The sloping long-wire antenna and a sloping quarter-wave wire antenna
have similar performance characteristics.
Since we are using short
distance sky wave, again, antenna orientation is not a factor. Let's
take a look at the ground wave charts to see how far our ground wave
Turn to the index to ground wave ranges on page 158.
Look down the left side to find our type of service, RTTY, single
channel, FSK, 60 W/M.
Next, look across the top for our power in
watts, 300 to 499. Where these two columns intersect, is the column
number for our charts. We will use 7. Now, turn to our 15-foot whip
antenna chart on page 159, the 32-foot whip on page 160, and sloping-
wire on page 161. As you can see, our ground wave range for 3 to 5.7
MHz is approximately 14 to 37 miles.
During a 24-hour period this
b. Situation 2.
(1) Let us assume that we have a radio circuit in which our
stations are 100, 750, and 1500 miles away from the net control
We are using an AN/GRC-142 in radioteletype mode
during a low sunspot period.
Let's select two frequencies for 24-
hour operation. One of the problems in operating in a net like this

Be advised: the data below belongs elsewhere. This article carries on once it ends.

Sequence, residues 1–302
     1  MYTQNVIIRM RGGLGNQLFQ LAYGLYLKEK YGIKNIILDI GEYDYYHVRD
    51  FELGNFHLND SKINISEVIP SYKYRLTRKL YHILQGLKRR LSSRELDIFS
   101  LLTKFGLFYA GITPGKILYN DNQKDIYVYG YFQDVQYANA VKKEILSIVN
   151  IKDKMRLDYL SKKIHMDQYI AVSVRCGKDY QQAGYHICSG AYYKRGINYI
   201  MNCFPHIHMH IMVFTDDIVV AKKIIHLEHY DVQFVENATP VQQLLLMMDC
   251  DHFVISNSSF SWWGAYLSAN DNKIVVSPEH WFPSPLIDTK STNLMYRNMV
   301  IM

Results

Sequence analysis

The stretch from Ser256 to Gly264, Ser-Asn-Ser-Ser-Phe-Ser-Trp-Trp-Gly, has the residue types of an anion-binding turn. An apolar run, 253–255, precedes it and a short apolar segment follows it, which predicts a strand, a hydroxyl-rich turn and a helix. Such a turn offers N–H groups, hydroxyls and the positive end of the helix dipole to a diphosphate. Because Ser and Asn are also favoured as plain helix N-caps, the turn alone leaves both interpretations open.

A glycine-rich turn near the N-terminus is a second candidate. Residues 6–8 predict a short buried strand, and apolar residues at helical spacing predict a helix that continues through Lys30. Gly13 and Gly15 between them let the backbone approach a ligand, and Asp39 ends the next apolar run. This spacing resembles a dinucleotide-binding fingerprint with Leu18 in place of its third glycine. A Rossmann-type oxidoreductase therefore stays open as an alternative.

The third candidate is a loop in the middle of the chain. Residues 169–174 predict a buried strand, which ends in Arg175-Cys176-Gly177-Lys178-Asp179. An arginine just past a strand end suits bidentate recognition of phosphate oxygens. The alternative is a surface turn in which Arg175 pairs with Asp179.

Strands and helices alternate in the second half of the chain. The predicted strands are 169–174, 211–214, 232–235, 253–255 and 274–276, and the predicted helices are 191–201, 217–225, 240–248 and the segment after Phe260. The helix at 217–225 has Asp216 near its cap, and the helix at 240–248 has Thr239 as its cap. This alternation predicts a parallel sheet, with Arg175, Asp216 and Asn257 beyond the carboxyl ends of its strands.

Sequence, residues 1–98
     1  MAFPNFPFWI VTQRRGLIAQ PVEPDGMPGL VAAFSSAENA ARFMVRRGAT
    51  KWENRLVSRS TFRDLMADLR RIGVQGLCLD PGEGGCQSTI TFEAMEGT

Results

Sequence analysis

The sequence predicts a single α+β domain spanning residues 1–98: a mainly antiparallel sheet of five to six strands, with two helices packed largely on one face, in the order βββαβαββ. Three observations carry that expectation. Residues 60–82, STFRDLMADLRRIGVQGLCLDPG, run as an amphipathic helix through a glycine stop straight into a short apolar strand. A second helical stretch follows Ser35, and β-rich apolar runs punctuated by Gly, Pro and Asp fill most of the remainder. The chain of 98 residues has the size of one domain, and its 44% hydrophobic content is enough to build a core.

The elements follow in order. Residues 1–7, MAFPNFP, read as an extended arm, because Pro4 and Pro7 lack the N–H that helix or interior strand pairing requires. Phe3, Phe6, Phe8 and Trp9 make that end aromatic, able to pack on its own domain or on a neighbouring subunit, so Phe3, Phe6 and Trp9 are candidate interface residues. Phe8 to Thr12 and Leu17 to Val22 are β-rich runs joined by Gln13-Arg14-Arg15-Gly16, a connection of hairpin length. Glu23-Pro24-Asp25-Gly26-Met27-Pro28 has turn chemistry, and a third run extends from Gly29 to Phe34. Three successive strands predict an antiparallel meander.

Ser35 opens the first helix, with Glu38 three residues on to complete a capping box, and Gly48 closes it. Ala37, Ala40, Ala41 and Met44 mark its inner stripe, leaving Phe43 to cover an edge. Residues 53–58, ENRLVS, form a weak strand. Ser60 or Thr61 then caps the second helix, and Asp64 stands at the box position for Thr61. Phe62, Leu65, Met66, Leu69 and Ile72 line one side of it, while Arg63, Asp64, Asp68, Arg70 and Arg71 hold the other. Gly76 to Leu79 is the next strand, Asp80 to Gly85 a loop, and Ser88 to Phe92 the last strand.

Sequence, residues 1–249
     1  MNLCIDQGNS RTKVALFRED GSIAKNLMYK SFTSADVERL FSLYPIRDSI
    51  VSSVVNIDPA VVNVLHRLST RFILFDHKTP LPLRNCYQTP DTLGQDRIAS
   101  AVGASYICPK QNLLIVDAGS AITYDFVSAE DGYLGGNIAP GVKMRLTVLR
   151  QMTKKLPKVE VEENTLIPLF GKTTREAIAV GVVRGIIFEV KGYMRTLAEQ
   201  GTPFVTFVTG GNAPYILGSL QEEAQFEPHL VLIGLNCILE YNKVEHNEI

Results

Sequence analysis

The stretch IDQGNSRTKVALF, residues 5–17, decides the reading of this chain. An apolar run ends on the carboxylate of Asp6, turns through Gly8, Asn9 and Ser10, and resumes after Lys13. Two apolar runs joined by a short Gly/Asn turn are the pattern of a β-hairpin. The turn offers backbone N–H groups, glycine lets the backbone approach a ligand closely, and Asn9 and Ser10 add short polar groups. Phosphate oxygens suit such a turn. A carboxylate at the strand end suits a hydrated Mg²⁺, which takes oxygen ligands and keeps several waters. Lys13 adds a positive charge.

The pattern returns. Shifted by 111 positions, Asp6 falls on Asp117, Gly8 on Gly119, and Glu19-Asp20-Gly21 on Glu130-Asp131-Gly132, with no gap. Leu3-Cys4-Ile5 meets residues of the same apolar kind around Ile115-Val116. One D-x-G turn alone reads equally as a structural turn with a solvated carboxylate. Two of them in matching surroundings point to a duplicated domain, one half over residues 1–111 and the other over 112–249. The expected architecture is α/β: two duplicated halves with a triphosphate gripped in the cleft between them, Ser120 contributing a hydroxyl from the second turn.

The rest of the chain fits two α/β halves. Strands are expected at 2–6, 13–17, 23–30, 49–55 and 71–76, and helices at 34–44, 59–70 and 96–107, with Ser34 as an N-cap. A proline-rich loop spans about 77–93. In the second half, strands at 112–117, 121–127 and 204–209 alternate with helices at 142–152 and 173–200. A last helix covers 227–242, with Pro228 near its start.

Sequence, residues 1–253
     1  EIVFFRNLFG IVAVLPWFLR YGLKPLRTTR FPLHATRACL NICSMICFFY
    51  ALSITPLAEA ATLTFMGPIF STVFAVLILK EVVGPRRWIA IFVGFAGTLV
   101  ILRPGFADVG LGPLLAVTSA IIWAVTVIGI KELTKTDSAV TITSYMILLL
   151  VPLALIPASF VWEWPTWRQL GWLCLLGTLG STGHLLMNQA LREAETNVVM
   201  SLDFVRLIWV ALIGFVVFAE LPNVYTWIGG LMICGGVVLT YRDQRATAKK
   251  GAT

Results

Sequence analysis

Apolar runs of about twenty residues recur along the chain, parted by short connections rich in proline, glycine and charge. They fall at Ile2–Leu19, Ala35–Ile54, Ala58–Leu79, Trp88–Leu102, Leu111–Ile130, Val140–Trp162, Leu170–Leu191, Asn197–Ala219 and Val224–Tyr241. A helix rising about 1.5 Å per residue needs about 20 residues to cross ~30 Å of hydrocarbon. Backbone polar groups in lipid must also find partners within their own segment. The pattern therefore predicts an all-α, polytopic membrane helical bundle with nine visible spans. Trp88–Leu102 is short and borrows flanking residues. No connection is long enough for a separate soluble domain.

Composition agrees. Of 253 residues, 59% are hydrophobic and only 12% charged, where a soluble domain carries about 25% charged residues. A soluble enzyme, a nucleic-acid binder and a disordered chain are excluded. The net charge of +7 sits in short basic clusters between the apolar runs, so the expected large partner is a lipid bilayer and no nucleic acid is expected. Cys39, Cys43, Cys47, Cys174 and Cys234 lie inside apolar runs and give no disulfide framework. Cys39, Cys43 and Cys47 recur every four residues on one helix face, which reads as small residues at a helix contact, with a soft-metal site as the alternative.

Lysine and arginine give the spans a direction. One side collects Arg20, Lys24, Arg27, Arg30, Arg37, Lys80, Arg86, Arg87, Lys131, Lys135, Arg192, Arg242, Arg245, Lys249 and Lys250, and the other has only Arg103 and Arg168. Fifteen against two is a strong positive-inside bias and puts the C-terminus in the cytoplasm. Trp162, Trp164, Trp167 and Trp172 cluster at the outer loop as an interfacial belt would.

is that some of the stations might be close while others are far
away. Will the same two frequencies work for all stations all of the
time? Probably not. You might have to set up two or three nets with
two or three radios at the NCS location to accommodate the stations
of varying distance. Of course, it is easy to say. However, if you
don't have the resources, what will you do? Select frequencies that
provide communication for the majority of stations and then rely on
relaying to get the traffic through.
The stations with which you
will have the most difficulty are the closest stations, while the
ones further away will be easier to communicate with.
(2) We will use a doublet at least 40 feet high above the
Long distance communications is best when our antenna is
over a half wavelength (at the lowest frequency, if possible) above
the ground. The antenna should be broadside to the majority of the
stations. Let's find the highest and lowest FOT and then the highest
and lowest LUF for 100, 750, and 1500 miles.